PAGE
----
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1 THE SEVESO II DIRECTIVE. 2 HISTORY Flixborough (UK), 1974Flixborough (UK), 1974 Seveso (IT), 1976Seveso (IT), 1976 Bhopal (India), 1984Bhopal (India),

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Presentation on theme: "1 THE SEVESO II DIRECTIVE. 2 HISTORY Flixborough (UK), 1974Flixborough (UK), 1974 Seveso (IT), 1976Seveso (IT), 1976 Bhopal (India), 1984Bhopal (India),"— Presentation transcript:


2 2 HISTORY Flixborough (UK), 1974Flixborough (UK), 1974 Seveso (IT), 1976Seveso (IT), 1976 Bhopal (India), 1984Bhopal (India), 1984 Basel (Sandoz), Switzerland, 1986Basel (Sandoz), Switzerland, 1986 Mexico City, Mexico, 1986Mexico City, Mexico, 1986 Aznallcollar (ES), 1998Aznallcollar (ES), 1998 Baia Mare (RO), 2000Baia Mare (RO), 2000 Toulouse (FR), 2001Toulouse (FR), 2001 Texas City (USA), 2005Texas City (USA), 2005 Buncefield (UK), 2006Buncefield (UK), 2006

3 3 Flixborough Accident, 1974

4 4 Bhopal UC plant, 1984

5 5 Sandoz Warehouse on the Rhine, 1986

6 6 Aznallcollar dam break, 1998

7 7 Baia Mare dam break, 2000

8 8 Toulouse accident, 2001

9 9 Texas City accident, 2005

10 10 Buncefield accident, 2006

11 11 DATABASE ON MAJOR ACCIDENTS (1984 - 2007) 603 accidents and near misses reported ~ 66% due to management failure ~10% caused environmental damage ~66 % caused injuries or fatalities

12 12 LESSONS LEARNT DATABASE ON MAJOR ACCIDENTS LESSONS LEARNT Main cause - inadequate management Inadequate design and maintenance Inadequate decisions Inability to take decisions Cover-up of safety breaches and “Blame game” approach Lack of safety culture – “Macho culture”, “Do-it-fast” Inadequate assessment of the existing hazards and the associated risks

13 13 LESSONS LEARNT DATABASE ON MAJOR ACCIDENTS LESSONS LEARNT Main accident risks Abnormal Operations Maintenance operations Start-up or shutdown procedures Unforeseen weather conditions Loading/unloading operations Nightshifts Inadequate Design & Maintenance Decisions Bad Installations Design Inadequate Maintenance & Operation procedures Inadequate Design of Safety Equipment

14 14 HISTORY OF THE ACCIDENT PREVENTION LEGISLATION ON EU LEVEL Pre-1982 – left to the Member States –Different systems –Distortion of the competition –Increased risk 1982 – Seveso I –Listed Substances + Processes –MAPP + SMS not explicitly required –Focused on Providing Information to the CA 1996 – Seveso II 2003 – Amendment of Seveso II –Broader Scope – Tailing Ponds –Extended requirements for Risk Assessment 200? – Seveso III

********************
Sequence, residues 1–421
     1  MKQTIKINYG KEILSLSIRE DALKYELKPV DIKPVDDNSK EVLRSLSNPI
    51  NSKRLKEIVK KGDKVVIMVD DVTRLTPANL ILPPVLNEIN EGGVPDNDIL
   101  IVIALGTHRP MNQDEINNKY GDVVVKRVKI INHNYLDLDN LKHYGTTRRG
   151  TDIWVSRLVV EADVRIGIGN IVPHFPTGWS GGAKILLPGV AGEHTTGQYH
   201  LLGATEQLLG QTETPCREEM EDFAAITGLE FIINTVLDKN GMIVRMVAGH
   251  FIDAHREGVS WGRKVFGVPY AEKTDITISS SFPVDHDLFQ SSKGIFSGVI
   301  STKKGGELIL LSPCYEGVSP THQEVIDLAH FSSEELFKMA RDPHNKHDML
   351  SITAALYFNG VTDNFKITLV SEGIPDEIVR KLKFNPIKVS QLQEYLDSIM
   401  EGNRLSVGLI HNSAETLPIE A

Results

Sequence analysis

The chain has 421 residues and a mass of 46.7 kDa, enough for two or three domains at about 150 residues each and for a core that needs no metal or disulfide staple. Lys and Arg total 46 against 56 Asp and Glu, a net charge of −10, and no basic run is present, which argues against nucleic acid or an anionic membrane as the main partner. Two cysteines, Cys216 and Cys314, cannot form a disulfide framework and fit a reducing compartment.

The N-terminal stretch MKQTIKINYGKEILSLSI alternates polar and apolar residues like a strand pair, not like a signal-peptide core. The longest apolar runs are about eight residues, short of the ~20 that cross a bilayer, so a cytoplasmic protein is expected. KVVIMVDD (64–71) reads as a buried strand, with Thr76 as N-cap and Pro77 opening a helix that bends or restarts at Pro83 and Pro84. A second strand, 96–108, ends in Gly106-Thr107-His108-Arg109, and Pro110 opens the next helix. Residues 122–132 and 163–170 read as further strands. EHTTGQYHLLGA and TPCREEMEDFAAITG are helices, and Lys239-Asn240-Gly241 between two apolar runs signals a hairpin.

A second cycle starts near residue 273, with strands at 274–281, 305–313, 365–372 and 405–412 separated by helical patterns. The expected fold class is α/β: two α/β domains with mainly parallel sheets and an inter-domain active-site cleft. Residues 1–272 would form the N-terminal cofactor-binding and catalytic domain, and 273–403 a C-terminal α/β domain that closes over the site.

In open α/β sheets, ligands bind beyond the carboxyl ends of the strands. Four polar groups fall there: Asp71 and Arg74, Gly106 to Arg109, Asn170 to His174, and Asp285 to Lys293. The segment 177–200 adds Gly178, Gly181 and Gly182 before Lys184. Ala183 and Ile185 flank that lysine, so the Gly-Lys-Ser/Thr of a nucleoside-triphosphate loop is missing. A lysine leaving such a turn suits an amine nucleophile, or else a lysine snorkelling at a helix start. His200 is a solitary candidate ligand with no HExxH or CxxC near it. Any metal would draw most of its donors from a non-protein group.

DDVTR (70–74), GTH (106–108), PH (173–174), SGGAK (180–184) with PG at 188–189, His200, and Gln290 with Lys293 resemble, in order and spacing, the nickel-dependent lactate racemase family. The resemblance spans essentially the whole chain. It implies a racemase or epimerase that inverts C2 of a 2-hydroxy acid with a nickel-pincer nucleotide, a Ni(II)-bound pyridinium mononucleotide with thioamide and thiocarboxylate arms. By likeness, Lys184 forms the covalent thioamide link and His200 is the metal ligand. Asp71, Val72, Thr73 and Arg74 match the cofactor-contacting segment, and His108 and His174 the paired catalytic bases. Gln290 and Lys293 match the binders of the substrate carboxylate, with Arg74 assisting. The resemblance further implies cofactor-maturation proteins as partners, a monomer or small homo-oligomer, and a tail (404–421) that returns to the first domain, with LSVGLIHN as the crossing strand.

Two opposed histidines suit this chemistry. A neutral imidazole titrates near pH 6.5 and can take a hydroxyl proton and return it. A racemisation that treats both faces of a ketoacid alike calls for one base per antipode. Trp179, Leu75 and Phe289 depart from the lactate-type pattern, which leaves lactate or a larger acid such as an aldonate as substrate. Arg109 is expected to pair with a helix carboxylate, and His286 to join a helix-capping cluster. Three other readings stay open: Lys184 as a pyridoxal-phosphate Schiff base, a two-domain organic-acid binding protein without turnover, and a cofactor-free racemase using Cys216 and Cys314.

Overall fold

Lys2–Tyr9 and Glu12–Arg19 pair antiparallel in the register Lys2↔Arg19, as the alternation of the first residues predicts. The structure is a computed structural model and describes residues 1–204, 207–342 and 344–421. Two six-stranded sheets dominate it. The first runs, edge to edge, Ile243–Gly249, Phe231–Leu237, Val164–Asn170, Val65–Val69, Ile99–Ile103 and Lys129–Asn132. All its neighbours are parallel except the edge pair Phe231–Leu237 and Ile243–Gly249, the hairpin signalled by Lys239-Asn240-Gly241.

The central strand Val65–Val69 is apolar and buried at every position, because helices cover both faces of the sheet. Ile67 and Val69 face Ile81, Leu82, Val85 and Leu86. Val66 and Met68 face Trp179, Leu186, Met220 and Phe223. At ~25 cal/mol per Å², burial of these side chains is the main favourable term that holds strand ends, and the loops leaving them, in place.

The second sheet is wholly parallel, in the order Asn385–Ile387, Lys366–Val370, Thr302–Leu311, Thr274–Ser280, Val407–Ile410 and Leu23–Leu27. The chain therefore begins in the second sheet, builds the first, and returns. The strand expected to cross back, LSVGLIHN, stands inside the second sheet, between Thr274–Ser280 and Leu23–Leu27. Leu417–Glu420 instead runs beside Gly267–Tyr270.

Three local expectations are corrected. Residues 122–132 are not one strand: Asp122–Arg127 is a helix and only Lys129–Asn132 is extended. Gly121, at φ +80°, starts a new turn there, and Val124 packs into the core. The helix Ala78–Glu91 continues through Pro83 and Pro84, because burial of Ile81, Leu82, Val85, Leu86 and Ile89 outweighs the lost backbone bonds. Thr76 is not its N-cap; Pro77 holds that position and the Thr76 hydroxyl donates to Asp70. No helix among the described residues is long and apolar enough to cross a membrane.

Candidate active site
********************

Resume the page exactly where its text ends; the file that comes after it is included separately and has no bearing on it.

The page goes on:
15 15 SCOPE OF THE DIRECTIVE ALL ESTABLISHMENTS WHICH STORE DANGEROUS SUBSTANCES ABOVE SPECIFIC THRESHOLDS Exclusions: -Hazards from ionizing radiation -Transport outside the establishment -Landfills, quarries and mines -Offshore exploration -Military installations

16 16 DEFINITIONS A MAJOR ACCIDENT is a major emission, fire or explosion, leading to serious danger to human health and/or the environment, immediate or delayed, inside or outside an establishment, involving one or more dangerous substances

17 17 DEFINITIONS AN ESTABLISHMENT is the whole area under the control of the operator AN INSTALLATION is a technical unit within an establishment

18 18 DEFINITIONS HAZARD is an intrinsic property of a dangerous substance, with a potential for harm RISK Is the likelihood of a specific effect occurring

19 19 DANGEROUS SUBSTANCES Named Substances e.g. Sulphur trioxide or Substances with certain generic hazardous properties e.g. Flammability The Classification is done according the EU Directives on Classification, Packaging and Labeling (67/548/EEC and 99/45/EC) DEFINITIONS

20 20 THRESHOLDS Annex I Two categories based on quantities stored –Lower Tier –Upper Tier Upper Tier has more responsibilities

21 21 REQUIREMENTS LOWER TIER General Obligations Notification Major Accident Prevention Policy Modifications Accident Reports Cooperation with Authorities

22 22 OBLIGATIONS UPPER TIER Lower Tier Obligations and Safety Report Internal Emergency Plans Information to Public

23 23 GENERAL OBLIGATIONS OF AN OPERATOR To take all measures necessary to prevent major accidents and to limit their consequences The operator must be able to “demonstrate” that the hazards are identified and all necessary measures are taken

24 24 ROLE OF THE COMPETENT AUTHORITIES Administrative, executive and enforcement responsibilities Review of Documentation Inspection Prohibition of Activity if –Serious deficiencies are present –Documentation inadequate Preparation and Testing of External Emergency Plans Identification of possible Domino effects Implementation of Land-use Policies